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Expat in Germany: Intensive German Course, Stuttgart

Friday, September 3, 2010

Intensive German Course, Stuttgart

The night before the first day of my intensive German course takes me back to when I was six years old about to start school.  Will my teacher be nice?  Will I make friends?  Will I have a lot of homework?  Since I plan to be living in Germany for the unforeseeable future, I've decided to enrol in an intensive German course, 5 days a week, 4 1/2 hours a day.  It makes sense to me to learn the language as quickly as possible and an intensive German course is a good way to do this, but that doesn't mean I'm not anxious about it.

 Our class is an eclectic one.  We range in age from 17 to 57.  Half the students are Latino, coming from Mexico, Brazil, Guatemala and Cuba, while the other half is Russian and Ukrainian.  I am the lone native English speaker and my hopes of becoming fast friends with another English speaker are soon dashed. 

 We have a Brazilian drag queen (who showed us his YouTube videos - he does make a very pretty woman) and a grandmother from Guatemala (although she is a very hip and young grandma).   Coming from such different backgrounds I feel a little bit like a fish out of water, but after the first few days I am becoming more comfortable around my classmates. making an effort to get to know them, and redefining my definition of who would make a good friend.  Who says I can't be friends with a Guatemalan grandma?  Besides we immediately bonded over the fact that I named my cat "Fuego" after Fuego Volcano in Guatemala.

 I am quickly realizing though, that while we're all here to learn German, I'm also going to learn a lot about other cultures as well, and am even surprisingly getting a chance to brush up on my Spanish, which I didn't think would happen in Germany.  Living as an expat in Germany is full of so many surprises in the most unexpected places.
 P.S.  My teacher is very nice :)
See also:
Intensive German Course, Stuttgart:  Part 2
German Vocab That Makes My Life Easier

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At September 3, 2010 at 4:57 PM , Blogger shufuinjapan said...

I loved reading about your German class. I also couldn't believe the eclectic mix of students (I was the only English speaker in my classes for a long time, too). We had the immature know-it-all Iraqi girl who drove us ALL mad. The useless rich kid playboy Turkish guy to name just a few of the characters in my class.I'm sure you will be fast friends after all surviving the first few weeks of intensive class together.

At September 5, 2010 at 2:09 AM , Anonymous Riayn said...

I'm moving to Hamburg from Sydney, Australia at the end of the month and am loving reading about your experiences as an expat in Germany.

I will be doing evening classes in German as I have a full-time job and I am already worrying about the same things you are.

Best of luck with your classes. Will be very interested in reading about how you are finding them and how your German is progressing.

At September 5, 2010 at 1:50 PM , Blogger MissEmy said...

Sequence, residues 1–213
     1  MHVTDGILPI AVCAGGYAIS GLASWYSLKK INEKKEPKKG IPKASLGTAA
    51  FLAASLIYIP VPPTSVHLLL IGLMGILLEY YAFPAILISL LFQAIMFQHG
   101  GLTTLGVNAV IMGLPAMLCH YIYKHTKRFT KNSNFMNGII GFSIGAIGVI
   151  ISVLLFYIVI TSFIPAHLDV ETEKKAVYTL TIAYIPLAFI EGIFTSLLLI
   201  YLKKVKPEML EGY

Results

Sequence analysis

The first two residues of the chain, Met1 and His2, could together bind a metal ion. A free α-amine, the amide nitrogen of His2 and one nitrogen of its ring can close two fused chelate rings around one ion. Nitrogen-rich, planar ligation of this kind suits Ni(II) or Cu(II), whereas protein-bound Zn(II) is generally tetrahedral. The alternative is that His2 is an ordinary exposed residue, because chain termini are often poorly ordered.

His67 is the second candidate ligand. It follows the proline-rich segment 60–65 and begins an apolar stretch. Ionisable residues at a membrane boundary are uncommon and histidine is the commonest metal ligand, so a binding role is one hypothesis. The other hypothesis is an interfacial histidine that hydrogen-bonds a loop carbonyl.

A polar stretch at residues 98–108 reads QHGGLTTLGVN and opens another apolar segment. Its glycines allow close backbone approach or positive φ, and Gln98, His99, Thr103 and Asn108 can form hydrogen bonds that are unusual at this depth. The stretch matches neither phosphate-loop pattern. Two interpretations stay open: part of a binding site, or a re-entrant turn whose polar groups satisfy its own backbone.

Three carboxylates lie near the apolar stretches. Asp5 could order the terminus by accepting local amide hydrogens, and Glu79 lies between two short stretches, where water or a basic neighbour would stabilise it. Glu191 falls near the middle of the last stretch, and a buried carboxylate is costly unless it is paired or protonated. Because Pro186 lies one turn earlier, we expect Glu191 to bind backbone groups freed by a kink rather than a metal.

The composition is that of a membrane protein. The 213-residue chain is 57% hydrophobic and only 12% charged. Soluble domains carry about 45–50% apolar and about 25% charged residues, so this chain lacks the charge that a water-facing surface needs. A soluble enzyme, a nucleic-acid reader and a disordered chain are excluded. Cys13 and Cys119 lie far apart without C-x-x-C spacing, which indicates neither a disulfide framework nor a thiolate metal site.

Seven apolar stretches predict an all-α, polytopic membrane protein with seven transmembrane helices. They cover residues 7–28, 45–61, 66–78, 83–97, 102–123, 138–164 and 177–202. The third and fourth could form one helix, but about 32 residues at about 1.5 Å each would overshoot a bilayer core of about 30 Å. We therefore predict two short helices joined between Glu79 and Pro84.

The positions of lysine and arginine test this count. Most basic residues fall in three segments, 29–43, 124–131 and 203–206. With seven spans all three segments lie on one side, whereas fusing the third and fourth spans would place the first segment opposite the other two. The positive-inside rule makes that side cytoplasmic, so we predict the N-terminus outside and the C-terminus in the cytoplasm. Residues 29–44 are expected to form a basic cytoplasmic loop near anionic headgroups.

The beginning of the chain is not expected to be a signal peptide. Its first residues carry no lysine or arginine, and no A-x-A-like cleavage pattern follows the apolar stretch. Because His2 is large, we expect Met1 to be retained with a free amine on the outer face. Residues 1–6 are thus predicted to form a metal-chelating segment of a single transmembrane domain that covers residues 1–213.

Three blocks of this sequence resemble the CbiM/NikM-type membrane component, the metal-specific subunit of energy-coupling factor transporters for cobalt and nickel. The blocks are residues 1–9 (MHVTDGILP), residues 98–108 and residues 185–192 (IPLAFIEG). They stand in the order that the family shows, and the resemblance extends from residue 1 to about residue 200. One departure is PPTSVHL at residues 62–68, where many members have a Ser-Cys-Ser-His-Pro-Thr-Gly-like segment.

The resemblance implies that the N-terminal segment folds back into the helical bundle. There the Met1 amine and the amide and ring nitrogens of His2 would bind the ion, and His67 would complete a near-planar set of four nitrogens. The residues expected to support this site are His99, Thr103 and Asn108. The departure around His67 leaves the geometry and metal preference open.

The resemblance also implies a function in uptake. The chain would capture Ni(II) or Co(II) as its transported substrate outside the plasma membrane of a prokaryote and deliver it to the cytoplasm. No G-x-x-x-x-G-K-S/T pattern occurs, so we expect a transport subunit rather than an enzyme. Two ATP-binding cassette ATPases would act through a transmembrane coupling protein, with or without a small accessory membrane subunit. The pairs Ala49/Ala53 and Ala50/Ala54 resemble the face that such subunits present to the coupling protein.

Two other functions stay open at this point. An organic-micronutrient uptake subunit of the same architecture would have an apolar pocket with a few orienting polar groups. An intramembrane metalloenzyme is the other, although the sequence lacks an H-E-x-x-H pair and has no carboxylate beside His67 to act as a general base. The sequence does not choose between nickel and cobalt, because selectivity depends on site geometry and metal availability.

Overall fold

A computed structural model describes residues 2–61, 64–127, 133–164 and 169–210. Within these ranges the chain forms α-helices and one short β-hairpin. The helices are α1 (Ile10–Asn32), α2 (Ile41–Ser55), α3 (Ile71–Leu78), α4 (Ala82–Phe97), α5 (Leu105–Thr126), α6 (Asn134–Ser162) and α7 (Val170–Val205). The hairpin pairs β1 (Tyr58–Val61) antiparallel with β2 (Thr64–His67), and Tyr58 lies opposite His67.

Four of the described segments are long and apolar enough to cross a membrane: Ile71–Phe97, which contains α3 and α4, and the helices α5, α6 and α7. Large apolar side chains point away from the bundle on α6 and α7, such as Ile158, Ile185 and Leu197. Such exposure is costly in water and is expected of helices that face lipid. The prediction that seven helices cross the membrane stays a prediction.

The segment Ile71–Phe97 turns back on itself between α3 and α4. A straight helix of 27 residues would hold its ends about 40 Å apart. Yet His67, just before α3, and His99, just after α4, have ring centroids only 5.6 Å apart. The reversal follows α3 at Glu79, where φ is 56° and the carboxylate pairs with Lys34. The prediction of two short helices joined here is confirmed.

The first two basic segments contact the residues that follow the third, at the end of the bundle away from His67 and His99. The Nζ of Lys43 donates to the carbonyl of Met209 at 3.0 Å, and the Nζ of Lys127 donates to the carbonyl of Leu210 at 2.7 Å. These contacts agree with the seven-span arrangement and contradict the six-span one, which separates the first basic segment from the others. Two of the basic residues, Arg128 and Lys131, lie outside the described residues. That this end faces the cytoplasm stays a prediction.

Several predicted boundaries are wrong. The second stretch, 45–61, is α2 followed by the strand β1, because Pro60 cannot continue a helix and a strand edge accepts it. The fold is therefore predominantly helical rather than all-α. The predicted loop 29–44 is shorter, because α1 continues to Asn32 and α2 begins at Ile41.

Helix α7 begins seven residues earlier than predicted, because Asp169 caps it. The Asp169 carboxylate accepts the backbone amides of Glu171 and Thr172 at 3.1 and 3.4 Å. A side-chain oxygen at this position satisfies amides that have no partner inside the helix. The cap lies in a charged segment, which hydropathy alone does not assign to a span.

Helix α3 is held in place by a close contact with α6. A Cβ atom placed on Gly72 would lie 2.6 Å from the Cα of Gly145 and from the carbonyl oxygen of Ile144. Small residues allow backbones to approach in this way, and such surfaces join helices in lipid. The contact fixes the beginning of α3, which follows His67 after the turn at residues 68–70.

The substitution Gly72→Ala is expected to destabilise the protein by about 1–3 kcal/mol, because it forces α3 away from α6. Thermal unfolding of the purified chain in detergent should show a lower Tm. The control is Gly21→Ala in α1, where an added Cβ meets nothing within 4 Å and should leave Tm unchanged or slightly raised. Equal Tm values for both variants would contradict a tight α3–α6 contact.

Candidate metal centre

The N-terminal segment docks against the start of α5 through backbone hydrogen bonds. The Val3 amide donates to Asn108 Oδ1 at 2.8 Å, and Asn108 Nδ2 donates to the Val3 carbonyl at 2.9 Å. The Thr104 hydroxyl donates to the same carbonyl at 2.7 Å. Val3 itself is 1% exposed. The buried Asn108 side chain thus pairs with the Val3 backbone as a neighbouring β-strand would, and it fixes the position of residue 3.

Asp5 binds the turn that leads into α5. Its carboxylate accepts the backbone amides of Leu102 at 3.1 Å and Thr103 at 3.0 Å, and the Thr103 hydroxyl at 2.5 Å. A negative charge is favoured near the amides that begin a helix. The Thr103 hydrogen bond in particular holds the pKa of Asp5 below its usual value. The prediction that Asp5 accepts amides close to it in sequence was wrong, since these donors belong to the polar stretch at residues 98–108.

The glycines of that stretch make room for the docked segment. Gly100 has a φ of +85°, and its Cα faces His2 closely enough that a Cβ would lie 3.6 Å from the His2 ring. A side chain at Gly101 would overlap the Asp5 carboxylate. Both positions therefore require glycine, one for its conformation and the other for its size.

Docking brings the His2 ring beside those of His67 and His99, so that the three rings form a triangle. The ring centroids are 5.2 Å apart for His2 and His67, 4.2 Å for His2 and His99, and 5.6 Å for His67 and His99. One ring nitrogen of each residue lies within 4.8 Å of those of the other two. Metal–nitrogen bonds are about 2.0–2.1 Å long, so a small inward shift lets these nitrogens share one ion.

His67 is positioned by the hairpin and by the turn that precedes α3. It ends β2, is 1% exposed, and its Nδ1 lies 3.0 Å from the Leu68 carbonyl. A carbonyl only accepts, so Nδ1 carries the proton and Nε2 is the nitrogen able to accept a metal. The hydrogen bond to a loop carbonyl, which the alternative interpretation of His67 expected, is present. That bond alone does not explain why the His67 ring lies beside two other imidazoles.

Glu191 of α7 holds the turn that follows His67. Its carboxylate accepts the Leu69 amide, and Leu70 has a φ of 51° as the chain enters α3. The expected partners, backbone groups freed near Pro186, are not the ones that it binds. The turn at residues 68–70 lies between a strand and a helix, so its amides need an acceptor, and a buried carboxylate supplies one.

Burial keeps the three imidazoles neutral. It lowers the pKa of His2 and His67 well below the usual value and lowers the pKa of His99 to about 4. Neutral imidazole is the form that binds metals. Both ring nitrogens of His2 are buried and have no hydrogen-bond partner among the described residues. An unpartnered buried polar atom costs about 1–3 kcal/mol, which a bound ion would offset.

Hi! I discovered your blog and I look forward to reading more! I have a dream of living in Germany one day and I'm hoping to start German language classes in the near future.

Good luck on your classes!! I hope it goes well for you. :)

At September 7, 2010 at 6:56 AM , Blogger Eric Zimmerman said...

Thanks for the post, please keep us up to date on how you like it, how fast you learn, and what is involved. I will be moving there in about four months, and am considering taking one of these courses.

At September 7, 2010 at 12:22 PM , Blogger Frau Dietz said...

Good for you signing up for such an intensive course - and I thought my 3 hours a day, 4 days a week was hardcore!! Apart from one three-week period when an Italian stopped by I've been the only European in my class for the full six months; I'm also the only person with English as my first language. I had been looking forward to perhaps finding another Brit to befriend but actually I absolutely love it this way: I'm making some great friends of all ages from all over the world and I adore how much I am learning about other cultures - it adds such a fascinating extra dimension to all the German grammar!!

At September 9, 2010 at 6:50 AM , Blogger Expat in Germany said...

Thanks everyone for your comments. Interesting to hear that others have been the only native English speaker as well. Frau Dietz, I love your attitude. I also like the idea of so many different cultures. Today, we had a girl from Thailand, translating from English to Mandarin for a new Chinese student and I agree it's a fantastic way to learn more about other cultures. I still wish there was another native English speaker, but am seeing the perks of stepping outside my comfort zone as well.

Riayn, best of luck with your German class. I hope it goes well!

At September 9, 2010 at 6:58 AM , Anonymous Fleece said...

Thanks for the great blog post.I like your article writing style.

At November 22, 2011 at 10:54 AM , Anonymous Camps said...

Im looking for a course in Stuttgart!
same story, girl falls in love with boy. Boy happens to live in Germany. Girl needs to learn German... and is working on finding a course that would allow to extend the visa and learn german to hopefully find something to do.
Any help!?


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